As over a million gamers flock to play StarCraft 2: Wings of Liberty, a smaller portion of the masses are putting their creative minds to use creating custom maps to share with other gamers on Battle.Net. Inside this collective, there is an even smaller group of people, who make maps which place one player in an unfairly better spot, or even have cliffs in the shapes of racial taunts. While rare, they exist – and this time, Blizzard is taking them down as soon as they’re spotted.
In the original StarCraft, Blizzard did not police the custom maps people uploaded. It seems that in this round however, they’re ensuring that the sleek new Battle.Net experience doesn’t get bumpy with racy or dumb content. Blizzard Community Manager Bashiok had a pretty simple reason for why they were doing it for the sequel:
“Because we can. Literally. We have a support department now of size and ability to enforce these types of things. It simply wasn’t possible when our in-game support used to consist of approximately 20 technical support agents. We’re working on improving our processes to ensure the map maker has more information on why their map was removed, right now it is a bit vague and has obviously led to this misunderstanding.”
People first really started taking notice of Blizzard‘s new efforts when a map called Ultimate Take Defense got taken down. The creator posted a complaint that his level had no objectionable content, and questioned if it was the use of the word ‘bad-ass’ that got him taken down. As it turns out, in one of the waves of enemies a group resembled a swastika in the mini-map, and thus was complained about and taken down. The map has been edited and is now back up on the system, and is a pretty solid example of how the system works in itself.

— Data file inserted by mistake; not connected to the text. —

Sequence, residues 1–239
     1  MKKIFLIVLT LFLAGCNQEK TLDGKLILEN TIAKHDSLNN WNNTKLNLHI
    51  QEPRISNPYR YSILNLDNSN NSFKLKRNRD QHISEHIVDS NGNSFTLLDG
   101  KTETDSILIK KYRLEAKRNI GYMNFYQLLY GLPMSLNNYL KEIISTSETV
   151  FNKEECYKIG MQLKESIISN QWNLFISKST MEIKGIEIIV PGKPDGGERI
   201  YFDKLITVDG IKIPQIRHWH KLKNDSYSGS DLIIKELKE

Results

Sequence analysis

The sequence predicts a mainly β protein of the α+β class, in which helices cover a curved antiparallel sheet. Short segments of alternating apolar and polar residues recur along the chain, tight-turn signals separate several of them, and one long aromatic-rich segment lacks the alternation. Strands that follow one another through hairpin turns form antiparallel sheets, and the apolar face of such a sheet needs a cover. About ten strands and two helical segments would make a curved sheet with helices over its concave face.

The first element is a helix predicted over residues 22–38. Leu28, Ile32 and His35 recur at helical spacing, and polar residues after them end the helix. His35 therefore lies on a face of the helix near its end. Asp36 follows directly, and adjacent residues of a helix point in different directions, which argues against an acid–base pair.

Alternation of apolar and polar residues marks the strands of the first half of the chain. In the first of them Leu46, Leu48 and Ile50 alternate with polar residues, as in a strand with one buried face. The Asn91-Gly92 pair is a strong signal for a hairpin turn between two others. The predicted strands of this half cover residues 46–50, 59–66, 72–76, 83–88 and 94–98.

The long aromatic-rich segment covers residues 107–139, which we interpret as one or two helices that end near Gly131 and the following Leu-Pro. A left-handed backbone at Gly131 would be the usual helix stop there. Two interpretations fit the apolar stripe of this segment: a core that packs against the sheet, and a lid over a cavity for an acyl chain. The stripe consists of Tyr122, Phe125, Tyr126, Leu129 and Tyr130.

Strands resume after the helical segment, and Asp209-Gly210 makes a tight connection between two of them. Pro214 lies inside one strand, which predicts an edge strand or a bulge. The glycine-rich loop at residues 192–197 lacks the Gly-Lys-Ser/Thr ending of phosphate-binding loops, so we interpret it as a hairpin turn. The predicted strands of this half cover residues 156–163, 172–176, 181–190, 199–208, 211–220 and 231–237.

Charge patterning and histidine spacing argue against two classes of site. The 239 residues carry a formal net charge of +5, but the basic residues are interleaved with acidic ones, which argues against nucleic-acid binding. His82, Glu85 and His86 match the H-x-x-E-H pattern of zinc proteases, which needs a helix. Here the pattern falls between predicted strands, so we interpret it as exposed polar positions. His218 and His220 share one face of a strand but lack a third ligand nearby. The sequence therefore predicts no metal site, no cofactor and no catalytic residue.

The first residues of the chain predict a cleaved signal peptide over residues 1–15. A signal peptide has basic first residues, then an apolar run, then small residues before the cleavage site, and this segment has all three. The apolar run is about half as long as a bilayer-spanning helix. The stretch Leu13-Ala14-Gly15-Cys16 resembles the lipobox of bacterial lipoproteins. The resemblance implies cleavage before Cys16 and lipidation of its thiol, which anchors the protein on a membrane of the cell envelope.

You can find the terms for Blizzard mapmaking here, though I doubt many somehow end up violating the rules trying to map a fun map. We here at Game Rant have been pretty positive about StarCraft 2, so we recommend you take a look for yourself if you haven’t already – and now that the online experience just got a little smoother, there’s virtually no reason not too – that goes for you too, Mac users.
Have you seen any offensive maps? How has your online experience been with StarCraft 2: Wings of Liberty? We love to hear this stuff!